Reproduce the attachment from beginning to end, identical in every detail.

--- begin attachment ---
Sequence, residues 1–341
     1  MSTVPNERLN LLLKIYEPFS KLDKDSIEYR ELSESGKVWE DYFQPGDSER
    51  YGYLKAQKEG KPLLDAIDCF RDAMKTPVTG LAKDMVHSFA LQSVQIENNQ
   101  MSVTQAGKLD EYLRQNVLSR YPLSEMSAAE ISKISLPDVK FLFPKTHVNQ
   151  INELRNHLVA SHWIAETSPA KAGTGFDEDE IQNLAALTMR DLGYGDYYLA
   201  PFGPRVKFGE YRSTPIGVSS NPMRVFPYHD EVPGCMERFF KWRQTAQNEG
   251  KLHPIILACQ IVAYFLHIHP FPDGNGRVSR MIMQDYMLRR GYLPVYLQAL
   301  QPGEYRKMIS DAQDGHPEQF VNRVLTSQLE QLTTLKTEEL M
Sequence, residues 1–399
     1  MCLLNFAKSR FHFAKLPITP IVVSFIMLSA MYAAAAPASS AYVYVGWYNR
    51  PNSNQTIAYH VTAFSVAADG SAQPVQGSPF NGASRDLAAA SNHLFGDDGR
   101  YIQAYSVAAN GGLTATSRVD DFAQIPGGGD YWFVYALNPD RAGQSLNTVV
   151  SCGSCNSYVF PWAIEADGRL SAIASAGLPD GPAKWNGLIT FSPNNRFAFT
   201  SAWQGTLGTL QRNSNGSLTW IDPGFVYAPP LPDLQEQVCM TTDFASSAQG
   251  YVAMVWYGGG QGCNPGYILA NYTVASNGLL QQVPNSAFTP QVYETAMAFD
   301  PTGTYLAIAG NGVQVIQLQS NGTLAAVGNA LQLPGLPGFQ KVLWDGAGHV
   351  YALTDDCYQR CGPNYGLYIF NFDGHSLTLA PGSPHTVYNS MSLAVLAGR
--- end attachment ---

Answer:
Sequence, residues 1–341
     1  MSTVPNERLN LLLKIYEPFS KLDKDSIEYR ELSESGKVWE DYFQPGDSER
    51  YGYLKAQKEG KPLLDAIDCF RDAMKTPVTG LAKDMVHSFA LQSVQIENNQ
   101  MSVTQAGKLD EYLRQNVLSR YPLSEMSAAE ISKISLPDVK FLFPKTHVNQ
   151  INELRNHLVA SHWIAETSPA KAGTGFDEDE IQNLAALTMR DLGYGDYYLA
   201  PFGPRVKFGE YRSTPIGVSS NPMRVFPYHD EVPGCMERFF KWRQTAQNEG
   251  KLHPIILACQ IVAYFLHIHP FPDGNGRVSR MIMQDYMLRR GYLPVYLQAL
   301  QPGEYRKMIS DAQDGHPEQF VNRVLTSQLE QLTTLKTEEL M
Sequence, residues 1–399
     1  MCLLNFAKSR FHFAKLPITP IVVSFIMLSA MYAAAAPASS AYVYVGWYNR
    51  PNSNQTIAYH VTAFSVAADG SAQPVQGSPF NGASRDLAAA SNHLFGDDGR
   101  YIQAYSVAAN GGLTATSRVD DFAQIPGGGD YWFVYALNPD RAGQSLNTVV
   151  SCGSCNSYVF PWAIEADGRL SAIASAGLPD GPAKWNGLIT FSPNNRFAFT
   201  SAWQGTLGTL QRNSNGSLTW IDPGFVYAPP LPDLQEQVCM TTDFASSAQG
   251  YVAMVWYGGG QGCNPGYILA NYTVASNGLL QQVPNSAFTP QVYETAMAFD
   301  PTGTYLAIAG NGVQVIQLQS NGTLAAVGNA LQLPGLPGFQ KVLWDGAGHV
   351  YALTDDCYQR CGPNYGLYIF NFDGHSLTLA PGSPHTVYNS MSLAVLAGR